I have never made claim to being an archaeologist. I’m purely a dilettante who loves the challenge of solving a mystery; and there is no greater mystery than a lost shipwreck.” That quote of Clive Cussler describes the man perfectly. The founder of Numa (the National Underwater & Marine Agency), is an adroit thriller writer.
Dirk Pitt’s (Cussler’s hero of many Numa adventures) creator has now written a story for children. The Adventures of Vin Fiz is a magical story with shades of Ian Fleming’s Chitty Chitty Bang Bang. The James Bond creator, however, never wrote another children’s book after that. One hopes—after this good first-time effort—Cussler won’t stop.
Runaway trains, an enchanted plane, gold-diggers, a ghost town and ships in trouble are exciting subplots in this adventure that transports the child into a wonderfully imaginative world.
Ever and Irma Nicefolk (those are their names) live on a farm with their son Casey and daughter Lacey, the 10-year-old non-identical twins, and a dog, Floopy. One fine day, a man turns up at their door, offering his services as a daily help. His name is Sucoh Sucop and he proves to be a great help on the farm. The thing that bothers the children is that he disappears into the barn after dinner.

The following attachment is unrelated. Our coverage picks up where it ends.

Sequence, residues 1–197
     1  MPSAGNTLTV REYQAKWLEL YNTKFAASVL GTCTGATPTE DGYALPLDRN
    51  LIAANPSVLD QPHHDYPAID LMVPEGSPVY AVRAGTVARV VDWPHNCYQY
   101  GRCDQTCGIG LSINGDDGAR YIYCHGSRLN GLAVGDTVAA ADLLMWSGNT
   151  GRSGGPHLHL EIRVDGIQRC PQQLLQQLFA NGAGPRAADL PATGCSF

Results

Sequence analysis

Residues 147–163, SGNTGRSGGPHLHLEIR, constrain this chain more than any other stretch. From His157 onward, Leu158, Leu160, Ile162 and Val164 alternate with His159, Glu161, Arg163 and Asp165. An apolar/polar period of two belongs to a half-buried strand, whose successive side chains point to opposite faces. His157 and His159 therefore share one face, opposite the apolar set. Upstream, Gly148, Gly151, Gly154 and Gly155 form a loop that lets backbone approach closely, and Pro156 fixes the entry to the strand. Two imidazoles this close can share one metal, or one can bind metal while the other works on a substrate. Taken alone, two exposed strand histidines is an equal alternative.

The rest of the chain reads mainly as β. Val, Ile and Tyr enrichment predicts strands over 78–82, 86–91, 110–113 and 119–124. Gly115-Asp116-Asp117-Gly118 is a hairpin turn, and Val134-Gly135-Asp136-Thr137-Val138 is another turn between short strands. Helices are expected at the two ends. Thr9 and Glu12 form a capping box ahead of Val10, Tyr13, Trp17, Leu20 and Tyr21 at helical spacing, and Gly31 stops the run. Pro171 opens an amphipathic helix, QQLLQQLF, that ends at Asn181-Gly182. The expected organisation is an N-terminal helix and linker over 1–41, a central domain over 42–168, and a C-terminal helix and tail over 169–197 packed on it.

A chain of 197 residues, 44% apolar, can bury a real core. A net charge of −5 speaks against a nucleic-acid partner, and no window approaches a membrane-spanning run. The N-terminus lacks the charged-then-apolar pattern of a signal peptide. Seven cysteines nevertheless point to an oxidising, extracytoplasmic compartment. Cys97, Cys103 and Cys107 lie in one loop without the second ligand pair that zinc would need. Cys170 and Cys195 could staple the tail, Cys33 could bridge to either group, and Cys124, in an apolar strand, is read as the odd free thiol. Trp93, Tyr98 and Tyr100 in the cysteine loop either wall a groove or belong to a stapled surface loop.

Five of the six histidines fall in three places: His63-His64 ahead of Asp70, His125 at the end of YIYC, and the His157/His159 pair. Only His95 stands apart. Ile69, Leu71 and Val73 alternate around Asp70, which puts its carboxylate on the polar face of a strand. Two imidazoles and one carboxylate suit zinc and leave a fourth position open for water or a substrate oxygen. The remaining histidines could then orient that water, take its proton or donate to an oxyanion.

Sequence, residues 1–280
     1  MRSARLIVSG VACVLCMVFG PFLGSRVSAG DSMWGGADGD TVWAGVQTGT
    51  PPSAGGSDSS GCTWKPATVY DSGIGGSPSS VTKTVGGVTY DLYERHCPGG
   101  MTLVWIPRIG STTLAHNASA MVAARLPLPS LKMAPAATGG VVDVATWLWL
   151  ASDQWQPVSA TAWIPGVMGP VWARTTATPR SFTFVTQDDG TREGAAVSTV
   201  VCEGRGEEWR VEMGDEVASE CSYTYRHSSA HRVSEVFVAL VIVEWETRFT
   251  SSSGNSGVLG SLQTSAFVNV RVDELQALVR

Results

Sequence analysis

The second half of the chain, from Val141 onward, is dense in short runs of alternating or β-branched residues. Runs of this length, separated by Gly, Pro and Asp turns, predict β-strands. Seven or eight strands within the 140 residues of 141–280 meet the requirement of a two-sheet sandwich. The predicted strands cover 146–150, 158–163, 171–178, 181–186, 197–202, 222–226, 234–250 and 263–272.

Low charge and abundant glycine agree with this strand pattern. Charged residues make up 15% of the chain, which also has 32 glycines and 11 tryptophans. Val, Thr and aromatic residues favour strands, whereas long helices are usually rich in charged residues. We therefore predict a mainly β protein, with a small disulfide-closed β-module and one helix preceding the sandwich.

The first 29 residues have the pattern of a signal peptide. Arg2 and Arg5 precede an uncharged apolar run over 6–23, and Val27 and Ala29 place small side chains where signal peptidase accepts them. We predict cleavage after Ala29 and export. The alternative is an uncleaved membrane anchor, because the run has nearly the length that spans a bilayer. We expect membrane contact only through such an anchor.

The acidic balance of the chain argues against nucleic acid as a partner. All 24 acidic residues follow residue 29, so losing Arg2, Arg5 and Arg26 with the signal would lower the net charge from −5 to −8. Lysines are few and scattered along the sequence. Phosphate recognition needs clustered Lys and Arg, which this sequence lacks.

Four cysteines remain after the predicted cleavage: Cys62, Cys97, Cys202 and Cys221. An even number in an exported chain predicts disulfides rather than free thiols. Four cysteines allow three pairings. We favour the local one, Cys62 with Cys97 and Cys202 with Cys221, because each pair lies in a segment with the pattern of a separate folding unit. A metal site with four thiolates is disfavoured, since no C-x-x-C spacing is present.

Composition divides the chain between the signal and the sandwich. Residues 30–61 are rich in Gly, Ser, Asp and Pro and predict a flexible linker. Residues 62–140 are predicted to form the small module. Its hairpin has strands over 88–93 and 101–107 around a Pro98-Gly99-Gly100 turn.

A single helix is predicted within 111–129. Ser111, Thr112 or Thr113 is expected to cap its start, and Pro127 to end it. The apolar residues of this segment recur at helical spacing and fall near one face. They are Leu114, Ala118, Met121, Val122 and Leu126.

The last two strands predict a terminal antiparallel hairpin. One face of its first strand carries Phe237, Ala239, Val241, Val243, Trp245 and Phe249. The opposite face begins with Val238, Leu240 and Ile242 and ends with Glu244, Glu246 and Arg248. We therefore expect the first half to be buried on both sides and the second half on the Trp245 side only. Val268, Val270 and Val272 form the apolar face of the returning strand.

One day, Sucoh Sucop (read backward, his name is Hocus Pocus) leaves, leaving behind a magic mat for the children. Any object placed on the mat is transformed into a lifelike size but—the conditions put forth by Mr Sucop—they must use it only for a good cause. A toy tractor becomes real and Casey and Lacey gift it to their parents for use on the farm.
The excitement starts when Casey makes a toy plane and places it on the mat. As it grows into a real two-seater, the children hop onto it with Floopy and take off. What follows is a rollicking voyage of adventure in the course of which they discover that Vin Fiz—the name of the airplane—has a mind of its own. It is like a flying Herbie that can think and act, too. Along the way, Cussler throws in nuggets such as how steam engines were made.
Cussler’s narrative is simple, yet taut and can hold the attention of children right through—and the basis for this story is rooted in fact. The Wright brothers had a plane named Vin Fiz. Cussler dedicates this book to the memory of Cal Rodgers, who made the first transcontinental flight in 1911 in a plane named Vin Fiz.
The writer is the editor of Heek, a children’s magazine. Write to firstname.lastname@example.org